I would suggest that your institution cover it's butt legally. Beyond
that, secure the PC or outlet device in the manner that your department
deems appropriate. Know that if a person wishes to steal content, they
can (and will) do it regardless of the precautions taken. If the server
that's the source of the files is, in any way, connected to the
internet, it can be hacked from anywhere.
Like Richard Hess, I operate a transfer facility that serves the public
and take similar precautions
Corey Bailey Audio Engineering
On 1/15/2020 1:49 PM, Walker, Lauren E wrote:
> Hello ARSC community,
> My institution is trying to improve the experience in our reading room for patrons to listen to digitized audio recordings that are in copyright but available for listening onsite. While improving the technical ease of access, we are wondering how much we need to build restrictions into the technical infrastructure of serving this audio so that patrons are not able to easily take the audio files by emailing them or uploading them to a thumb drive and walking away the recordings. Since we will be using one specific computer as a listening station, some ideas so far are port blocking, an IP restricted server, a splash page to click through a use policy.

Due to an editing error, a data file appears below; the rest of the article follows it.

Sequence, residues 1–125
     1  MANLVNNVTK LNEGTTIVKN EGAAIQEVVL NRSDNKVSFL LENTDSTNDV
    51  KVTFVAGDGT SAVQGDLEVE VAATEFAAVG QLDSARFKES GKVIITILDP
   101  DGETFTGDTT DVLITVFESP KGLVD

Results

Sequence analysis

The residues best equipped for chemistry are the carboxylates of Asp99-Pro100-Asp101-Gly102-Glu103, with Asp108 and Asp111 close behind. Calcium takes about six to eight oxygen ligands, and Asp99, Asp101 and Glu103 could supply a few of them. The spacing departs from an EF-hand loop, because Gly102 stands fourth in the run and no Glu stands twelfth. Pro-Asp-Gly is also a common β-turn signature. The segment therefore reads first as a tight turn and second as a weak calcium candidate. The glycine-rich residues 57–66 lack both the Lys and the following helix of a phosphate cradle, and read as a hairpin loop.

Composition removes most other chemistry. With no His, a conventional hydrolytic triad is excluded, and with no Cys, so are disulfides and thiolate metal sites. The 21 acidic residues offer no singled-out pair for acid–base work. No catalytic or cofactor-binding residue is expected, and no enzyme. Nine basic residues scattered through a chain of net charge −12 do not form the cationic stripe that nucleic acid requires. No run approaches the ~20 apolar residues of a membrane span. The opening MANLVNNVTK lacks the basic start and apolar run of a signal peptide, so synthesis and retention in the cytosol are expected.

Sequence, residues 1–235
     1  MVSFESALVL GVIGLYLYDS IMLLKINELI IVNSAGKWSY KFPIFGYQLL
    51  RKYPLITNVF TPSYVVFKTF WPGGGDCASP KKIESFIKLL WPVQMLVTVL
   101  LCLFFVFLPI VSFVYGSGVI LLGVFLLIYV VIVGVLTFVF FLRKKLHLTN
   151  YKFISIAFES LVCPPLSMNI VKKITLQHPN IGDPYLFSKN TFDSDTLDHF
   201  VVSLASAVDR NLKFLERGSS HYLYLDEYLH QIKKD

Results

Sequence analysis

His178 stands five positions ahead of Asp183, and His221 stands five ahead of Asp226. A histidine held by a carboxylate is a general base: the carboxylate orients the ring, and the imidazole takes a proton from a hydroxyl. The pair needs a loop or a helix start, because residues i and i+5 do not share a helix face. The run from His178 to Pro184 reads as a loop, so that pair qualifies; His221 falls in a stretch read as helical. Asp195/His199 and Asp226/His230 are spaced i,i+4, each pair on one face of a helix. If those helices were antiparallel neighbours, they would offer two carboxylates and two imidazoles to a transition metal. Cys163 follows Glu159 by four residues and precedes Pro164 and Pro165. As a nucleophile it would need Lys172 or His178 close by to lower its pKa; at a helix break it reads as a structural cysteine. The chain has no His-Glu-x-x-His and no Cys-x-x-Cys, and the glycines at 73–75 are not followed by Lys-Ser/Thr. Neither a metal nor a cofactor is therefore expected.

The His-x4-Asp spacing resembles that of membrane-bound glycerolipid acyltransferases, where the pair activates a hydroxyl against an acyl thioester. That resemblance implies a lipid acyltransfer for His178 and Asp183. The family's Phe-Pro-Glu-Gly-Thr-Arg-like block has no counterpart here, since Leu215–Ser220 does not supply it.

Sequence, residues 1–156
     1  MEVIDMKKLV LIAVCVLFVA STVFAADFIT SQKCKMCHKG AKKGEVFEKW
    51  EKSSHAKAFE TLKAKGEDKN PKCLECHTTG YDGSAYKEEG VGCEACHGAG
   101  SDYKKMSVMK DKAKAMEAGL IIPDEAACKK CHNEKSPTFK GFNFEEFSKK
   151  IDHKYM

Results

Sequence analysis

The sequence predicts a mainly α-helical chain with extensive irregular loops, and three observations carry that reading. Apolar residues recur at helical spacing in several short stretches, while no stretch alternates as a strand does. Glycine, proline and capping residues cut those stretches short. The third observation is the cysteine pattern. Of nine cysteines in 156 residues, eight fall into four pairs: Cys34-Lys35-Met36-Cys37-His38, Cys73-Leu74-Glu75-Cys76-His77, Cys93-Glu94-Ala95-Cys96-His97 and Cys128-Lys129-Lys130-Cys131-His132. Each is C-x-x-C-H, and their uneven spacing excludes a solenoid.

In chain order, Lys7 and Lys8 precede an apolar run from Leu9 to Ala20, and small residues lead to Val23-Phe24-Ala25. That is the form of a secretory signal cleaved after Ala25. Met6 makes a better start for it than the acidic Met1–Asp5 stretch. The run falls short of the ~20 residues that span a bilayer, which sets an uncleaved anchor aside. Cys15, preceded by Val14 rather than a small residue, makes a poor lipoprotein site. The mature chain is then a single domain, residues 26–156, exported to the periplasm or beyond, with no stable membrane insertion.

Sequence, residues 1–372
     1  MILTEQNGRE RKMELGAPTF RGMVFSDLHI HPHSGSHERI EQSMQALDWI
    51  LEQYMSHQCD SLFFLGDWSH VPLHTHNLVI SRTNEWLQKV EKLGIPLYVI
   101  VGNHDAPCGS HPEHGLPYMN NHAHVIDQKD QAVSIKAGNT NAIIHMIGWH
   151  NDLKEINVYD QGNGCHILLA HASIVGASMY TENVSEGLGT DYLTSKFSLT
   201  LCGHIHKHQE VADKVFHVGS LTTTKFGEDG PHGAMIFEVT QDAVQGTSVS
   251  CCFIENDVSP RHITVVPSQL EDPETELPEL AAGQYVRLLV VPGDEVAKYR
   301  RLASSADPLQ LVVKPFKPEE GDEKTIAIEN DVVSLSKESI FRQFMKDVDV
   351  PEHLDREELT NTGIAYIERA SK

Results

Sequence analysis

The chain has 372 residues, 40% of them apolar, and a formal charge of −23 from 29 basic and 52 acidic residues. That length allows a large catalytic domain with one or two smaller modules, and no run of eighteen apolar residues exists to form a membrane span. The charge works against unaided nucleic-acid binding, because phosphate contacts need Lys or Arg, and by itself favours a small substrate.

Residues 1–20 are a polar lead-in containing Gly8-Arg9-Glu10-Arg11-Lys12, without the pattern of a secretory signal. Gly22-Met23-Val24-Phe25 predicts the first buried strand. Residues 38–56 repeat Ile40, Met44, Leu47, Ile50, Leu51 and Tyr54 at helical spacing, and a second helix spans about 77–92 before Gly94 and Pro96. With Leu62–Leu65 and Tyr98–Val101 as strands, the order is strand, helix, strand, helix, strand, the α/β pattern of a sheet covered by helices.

> I am wondering if people can share their knowledge of best practices for providing access in a special collections reading room to audio that is in copyright.
> What are institutions doing to provide access to recordings that can only be listened to in a library reading room and not made available for streaming online?
> Are there tiers of access and restriction models?
> Thank you,
> Lauren Walker
> Head of Digital Projects
> Harry Ransom Center | The University of Texas at Austin
> P.O. Box 7219
> Austin, Texas 78713-7219
> 512-232-6955 office
> [log in to unmask]<mailto:[log in to unmask]>